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Coming & Going

By: Miles Graivier, MD


Coming: The Millennials

The latest statistics from the American Academy of Facial Plastic and Reconstructive Surgery (AAFPRS) suggest that the average age of plastic surgery patients is skewing younger and younger. In 2015, 64 percent of surveyed facial plastic surgeons reported an uptick in cosmetic surgery or injectable treatments among patients younger than 30.

The meteoric rise of selfies, selfie sticks, and social media may be at play. Today’s images can’t just be ripped up, thrown away, or left undeveloped. Growing numbers of people—especially millennials—are seeing themselves from all angles across multiple social platforms, which can encourage self-awareness, introspection, and possibly self-improvement in the form of plastic surgery.

By and large, cosmetic surgery is less about anti-aging and more about enhancement or maintenance for the millennial patient. Other trends spotted in the new AAFPRS report include the desire for natural-looking rhinoplasty results and eyelid procedures to look less tired.

Going: Facial Implants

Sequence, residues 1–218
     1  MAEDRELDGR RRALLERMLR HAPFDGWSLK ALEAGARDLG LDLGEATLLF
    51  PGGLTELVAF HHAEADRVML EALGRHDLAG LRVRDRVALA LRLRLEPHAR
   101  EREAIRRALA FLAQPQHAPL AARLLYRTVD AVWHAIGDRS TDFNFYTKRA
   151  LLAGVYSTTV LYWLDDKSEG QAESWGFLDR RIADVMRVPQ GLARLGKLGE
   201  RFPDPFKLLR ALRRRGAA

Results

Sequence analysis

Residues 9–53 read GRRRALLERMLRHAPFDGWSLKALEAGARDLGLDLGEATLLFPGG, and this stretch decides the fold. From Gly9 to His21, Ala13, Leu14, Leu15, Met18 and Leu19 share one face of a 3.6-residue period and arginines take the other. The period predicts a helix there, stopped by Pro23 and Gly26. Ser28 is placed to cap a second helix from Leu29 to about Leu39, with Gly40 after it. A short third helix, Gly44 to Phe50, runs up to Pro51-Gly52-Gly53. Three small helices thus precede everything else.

This same AAFPRS survey suggests that facial implants were among the least commonly performed procedures in 2015. While certain types of implants—such as the ‘chinplant’ as well as those used in facial reconstruction—will always have an important place in a surgeon’s toolbox, the advent of site-specific, longer-lasting soft tissue fillers may be pushing some types of facial implants out of the limelight. For example, Juvederm Voluma is approved for mid-face rejuvenation, and can ostensibly recreate cheekbones that last up to 18 months. Radiesse and Restylane Lyft, while not specifically FDA approved for mid-face volumization, are also popular for augmentation of the cheeks. The less invasive nature of injectables, as compared to facial implant surgery, may also be appealing to many. Still, it’s possible that an uptick in cases of “filler fatigue” could push facial implants back into the “Coming” section in the future. Stay tuned.